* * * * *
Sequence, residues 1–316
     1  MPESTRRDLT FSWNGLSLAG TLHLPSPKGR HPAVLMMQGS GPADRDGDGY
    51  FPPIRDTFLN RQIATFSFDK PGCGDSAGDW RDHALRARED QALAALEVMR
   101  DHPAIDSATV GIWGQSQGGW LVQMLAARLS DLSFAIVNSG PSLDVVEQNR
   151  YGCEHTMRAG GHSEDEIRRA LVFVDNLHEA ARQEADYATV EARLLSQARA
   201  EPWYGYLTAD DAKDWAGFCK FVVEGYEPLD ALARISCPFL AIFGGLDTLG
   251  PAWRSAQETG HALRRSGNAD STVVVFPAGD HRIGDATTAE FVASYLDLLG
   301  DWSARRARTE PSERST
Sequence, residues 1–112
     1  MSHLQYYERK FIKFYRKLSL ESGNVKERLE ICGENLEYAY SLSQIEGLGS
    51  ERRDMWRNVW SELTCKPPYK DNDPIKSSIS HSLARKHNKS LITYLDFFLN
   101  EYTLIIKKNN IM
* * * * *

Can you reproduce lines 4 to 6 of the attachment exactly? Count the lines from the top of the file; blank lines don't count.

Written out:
   101  DHPAIDSATV GIWGQSQGGW LVQMLAARLS DLSFAIVNSG PSLDVVEQNR
   151  YGCEHTMRAG GHSEDEIRRA LVFVDNLHEA ARQEADYATV EARLLSQARA
   201  EPWYGYLTAD DAKDWAGFCK FVVEGYEPLD ALARISCPFL AIFGGLDTLG